The only sign of possible drug use was an empty bag “commonly used to hold illegal narcotics,” but “it did not appear to have any residue on it.”
The kids “were eating some food and other food and drinks were observed in the room. They were clothed and other than some food stains on their clothing (to be expected with young children) appeared clean, happy, and healthy. However, I did have some concerns about the level of supervision for the children.”
So, DFACS was called and spoke with the two adults – the man had come back “from work in between this time and had brought food from McDonald’s for all those in the room,” while the children’s biological father and grandmother, had shown up and were waiting near the motel.
The DFACS man conducted an investigation and a “safety plan” was put in place for the kids, with all the adults agreeing to it.
Disorderly conduct: Police were sent May 10 to an Enmarket on Highway 17 regarding three women who threatened the clerk.
According to her, the three went in and “demanded the photo of the ‘ultrasound.’ She told them she did not have it, this was when (one of the women) went behind the clerk’s counter and told her ‘she was gonna beat her (bleep).’ (The clerk)( told them to leave and that she was going to call the police …..”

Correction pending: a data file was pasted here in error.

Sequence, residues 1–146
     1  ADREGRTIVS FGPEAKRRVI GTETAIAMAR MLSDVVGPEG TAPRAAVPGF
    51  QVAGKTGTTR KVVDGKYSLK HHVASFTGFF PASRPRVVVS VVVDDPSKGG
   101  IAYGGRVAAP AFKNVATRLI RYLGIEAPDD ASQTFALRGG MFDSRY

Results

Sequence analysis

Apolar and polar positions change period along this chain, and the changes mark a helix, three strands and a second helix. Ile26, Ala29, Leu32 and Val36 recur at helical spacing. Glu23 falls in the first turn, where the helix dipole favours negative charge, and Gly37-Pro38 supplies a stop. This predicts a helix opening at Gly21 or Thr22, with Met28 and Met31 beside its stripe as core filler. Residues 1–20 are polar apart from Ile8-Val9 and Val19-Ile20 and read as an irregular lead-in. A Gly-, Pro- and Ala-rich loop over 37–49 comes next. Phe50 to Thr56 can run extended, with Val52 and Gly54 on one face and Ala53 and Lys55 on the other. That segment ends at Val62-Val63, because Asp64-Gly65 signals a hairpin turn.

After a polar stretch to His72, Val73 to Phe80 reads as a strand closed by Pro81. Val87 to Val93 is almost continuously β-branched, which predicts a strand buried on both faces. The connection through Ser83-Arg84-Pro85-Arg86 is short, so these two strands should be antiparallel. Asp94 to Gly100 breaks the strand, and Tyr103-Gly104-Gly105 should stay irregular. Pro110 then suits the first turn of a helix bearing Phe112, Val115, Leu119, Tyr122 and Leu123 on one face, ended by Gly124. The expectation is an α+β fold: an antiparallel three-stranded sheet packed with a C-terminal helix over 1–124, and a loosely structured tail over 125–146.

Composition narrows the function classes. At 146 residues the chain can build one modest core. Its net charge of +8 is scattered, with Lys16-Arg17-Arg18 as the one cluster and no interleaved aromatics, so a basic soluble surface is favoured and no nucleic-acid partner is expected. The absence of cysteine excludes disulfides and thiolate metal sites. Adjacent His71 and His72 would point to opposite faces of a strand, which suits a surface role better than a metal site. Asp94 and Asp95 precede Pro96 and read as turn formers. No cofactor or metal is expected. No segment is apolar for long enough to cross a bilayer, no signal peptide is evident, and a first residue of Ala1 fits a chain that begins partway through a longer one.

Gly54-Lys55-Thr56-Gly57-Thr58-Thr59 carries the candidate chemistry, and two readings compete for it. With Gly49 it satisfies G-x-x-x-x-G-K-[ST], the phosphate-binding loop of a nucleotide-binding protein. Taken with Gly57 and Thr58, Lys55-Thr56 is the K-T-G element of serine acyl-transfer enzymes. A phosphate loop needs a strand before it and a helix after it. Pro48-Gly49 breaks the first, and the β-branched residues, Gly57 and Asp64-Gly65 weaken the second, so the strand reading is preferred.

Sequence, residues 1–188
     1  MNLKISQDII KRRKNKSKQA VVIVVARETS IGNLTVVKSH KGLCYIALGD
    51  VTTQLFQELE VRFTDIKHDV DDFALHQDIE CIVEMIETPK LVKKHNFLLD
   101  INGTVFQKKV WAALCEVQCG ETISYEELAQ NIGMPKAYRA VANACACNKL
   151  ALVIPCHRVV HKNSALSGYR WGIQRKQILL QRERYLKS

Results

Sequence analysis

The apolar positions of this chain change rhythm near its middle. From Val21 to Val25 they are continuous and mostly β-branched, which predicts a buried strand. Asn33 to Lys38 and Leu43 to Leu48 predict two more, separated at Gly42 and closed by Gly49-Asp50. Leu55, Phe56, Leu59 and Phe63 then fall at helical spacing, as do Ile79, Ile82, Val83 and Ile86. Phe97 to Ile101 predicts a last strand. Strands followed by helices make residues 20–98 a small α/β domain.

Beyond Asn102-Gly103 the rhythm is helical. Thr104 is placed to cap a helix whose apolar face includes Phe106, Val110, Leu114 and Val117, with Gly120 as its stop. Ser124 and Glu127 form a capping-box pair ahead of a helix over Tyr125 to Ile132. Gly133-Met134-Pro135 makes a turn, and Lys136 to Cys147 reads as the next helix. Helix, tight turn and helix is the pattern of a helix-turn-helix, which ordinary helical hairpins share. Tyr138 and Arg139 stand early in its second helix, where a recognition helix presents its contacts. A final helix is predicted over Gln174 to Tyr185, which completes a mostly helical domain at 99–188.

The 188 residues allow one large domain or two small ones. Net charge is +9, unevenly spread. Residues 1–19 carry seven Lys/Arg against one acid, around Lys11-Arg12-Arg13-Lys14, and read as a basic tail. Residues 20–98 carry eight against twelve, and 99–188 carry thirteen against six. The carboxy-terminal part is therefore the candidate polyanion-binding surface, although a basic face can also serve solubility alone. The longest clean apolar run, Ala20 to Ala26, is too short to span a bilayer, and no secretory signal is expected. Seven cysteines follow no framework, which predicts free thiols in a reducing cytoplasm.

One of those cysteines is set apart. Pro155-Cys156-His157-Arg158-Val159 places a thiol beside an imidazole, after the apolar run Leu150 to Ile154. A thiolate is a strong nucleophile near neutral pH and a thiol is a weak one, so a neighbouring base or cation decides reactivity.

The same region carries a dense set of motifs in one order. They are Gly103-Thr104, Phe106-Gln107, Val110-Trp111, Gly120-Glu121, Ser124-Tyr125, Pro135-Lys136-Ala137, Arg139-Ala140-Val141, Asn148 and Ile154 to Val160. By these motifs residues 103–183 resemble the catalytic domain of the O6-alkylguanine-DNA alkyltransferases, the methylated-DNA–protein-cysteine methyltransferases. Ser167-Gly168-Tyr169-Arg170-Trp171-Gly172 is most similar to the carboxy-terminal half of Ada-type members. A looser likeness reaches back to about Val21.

They were gone when the officer got there. The clerk told him the “’ultrasound’ event has its origin in 2013 when she was in high school and that she knew three women from back in high school and she no longer had the ultrasound they were looking for. (She) believes their goals were to harass her at work and to aggravate her to the point where she would fight them. She stated there was not physical contact among them, but that their stance was very aggressive,” the report said.
The woman said she wanted a report just in case the women came back. The officer told her to call back if they did.
Matter of record: An officer was sent May 11 to the “intersection of Magnolia St/Parkwood in reference to a parking complaint. When I arrived, I was informed that there was a ‘no parking’ sign missing from across the street of (a Magnolia Street address),” the officer reported. “After investigating this, I observed a large hole which may have been where the sign was located. After looking in the area near this location, I found the ‘no parking sign’ located in the bushes. The sign appeared to have been in this location for some time as it was rusted and in poor condition. I advised the residents in the area that I would forward this to the appropriate personnel.”